3/17/2014

Mining Giant Adds More Self-Driving Super Trucks

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Minerals company Rio Tinto plans to expand its use of giant driverless mining trucks in Australia to at least 150 by the end of 2015 from about 39 at the beginning of 2014, The Wall Street Journal reports.

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Minerals company Rio Tinto plans to expand its use of giant driverless mining trucks in Australia to at least 150 by the end of 2015 from about 39 at the beginning of 2014, The Wall Street Journal reports.

The self-driving trucks are cheaper and safer to operate than those piloted by humans, which require a team of four drivers to keep up with the company's 24-hour work schedule, according to the company.

The big rigs, which are supplied by Japan's Komatsu Ltd., are tracked by satellite and use the company's "autonomous haulage" technology. Rio Tinto monitors trucks and other automated mining equipment from a command center in Perth, 800 miles away, but the company says its trucks "read" their environment including the presence of other vehicles to decide what to do.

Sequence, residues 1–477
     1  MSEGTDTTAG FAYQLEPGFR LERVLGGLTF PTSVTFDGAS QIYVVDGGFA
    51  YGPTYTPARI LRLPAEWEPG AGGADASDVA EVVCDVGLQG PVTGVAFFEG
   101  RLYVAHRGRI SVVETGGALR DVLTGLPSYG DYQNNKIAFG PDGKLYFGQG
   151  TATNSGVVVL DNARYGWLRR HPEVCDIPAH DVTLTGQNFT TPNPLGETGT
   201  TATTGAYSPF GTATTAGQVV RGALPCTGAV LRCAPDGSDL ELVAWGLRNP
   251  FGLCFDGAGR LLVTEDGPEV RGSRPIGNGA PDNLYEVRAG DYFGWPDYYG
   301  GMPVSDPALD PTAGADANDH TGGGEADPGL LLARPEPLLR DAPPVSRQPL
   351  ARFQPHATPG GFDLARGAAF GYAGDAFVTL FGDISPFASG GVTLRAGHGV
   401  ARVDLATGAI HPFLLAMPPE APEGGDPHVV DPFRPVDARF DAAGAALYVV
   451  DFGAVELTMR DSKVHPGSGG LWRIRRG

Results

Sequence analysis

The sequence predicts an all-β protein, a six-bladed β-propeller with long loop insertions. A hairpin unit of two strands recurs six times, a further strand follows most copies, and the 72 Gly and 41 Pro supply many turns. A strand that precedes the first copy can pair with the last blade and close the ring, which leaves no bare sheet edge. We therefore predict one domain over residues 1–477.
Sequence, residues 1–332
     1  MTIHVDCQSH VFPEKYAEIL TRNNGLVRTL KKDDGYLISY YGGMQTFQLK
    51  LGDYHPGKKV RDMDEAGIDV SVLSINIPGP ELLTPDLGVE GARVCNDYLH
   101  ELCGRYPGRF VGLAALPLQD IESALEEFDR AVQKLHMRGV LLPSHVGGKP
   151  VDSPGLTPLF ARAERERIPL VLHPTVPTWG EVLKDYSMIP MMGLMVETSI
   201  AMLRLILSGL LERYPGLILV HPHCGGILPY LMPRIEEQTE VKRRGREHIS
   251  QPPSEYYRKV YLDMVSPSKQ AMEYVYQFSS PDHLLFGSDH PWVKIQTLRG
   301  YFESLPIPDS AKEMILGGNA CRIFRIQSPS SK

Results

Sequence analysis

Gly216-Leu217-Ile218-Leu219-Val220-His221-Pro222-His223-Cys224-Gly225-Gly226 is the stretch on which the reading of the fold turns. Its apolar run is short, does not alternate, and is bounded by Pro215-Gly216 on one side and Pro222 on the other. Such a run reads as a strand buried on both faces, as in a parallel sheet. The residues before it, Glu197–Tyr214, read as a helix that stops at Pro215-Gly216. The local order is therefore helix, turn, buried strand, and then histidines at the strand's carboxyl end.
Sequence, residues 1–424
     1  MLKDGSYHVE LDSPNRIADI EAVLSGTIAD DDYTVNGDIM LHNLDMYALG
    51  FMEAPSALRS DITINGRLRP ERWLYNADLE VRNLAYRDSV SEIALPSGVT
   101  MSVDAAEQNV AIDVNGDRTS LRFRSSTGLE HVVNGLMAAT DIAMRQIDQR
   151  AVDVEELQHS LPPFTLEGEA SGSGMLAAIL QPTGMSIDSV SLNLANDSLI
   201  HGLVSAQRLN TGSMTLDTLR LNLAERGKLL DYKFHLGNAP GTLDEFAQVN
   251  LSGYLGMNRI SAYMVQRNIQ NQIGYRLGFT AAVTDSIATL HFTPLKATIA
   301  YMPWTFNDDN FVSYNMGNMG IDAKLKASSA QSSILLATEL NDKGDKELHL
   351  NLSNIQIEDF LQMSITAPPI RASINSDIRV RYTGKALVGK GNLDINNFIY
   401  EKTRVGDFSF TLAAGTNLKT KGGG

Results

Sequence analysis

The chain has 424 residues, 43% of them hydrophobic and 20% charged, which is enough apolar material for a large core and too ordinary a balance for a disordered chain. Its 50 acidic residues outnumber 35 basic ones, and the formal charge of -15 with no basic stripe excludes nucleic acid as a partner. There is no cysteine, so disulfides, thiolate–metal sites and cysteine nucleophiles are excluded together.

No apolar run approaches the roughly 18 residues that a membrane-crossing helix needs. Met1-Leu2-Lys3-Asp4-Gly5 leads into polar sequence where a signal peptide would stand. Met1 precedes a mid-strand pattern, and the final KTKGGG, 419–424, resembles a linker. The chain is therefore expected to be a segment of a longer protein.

The 2,000-hp trucks carry more than 1,100 gallons of fuel and can tote 320 tons of ore at a time. Rio Tinto began testing driverless trucks in Australia at the end of 2008, along with automated trains and drilling equipment.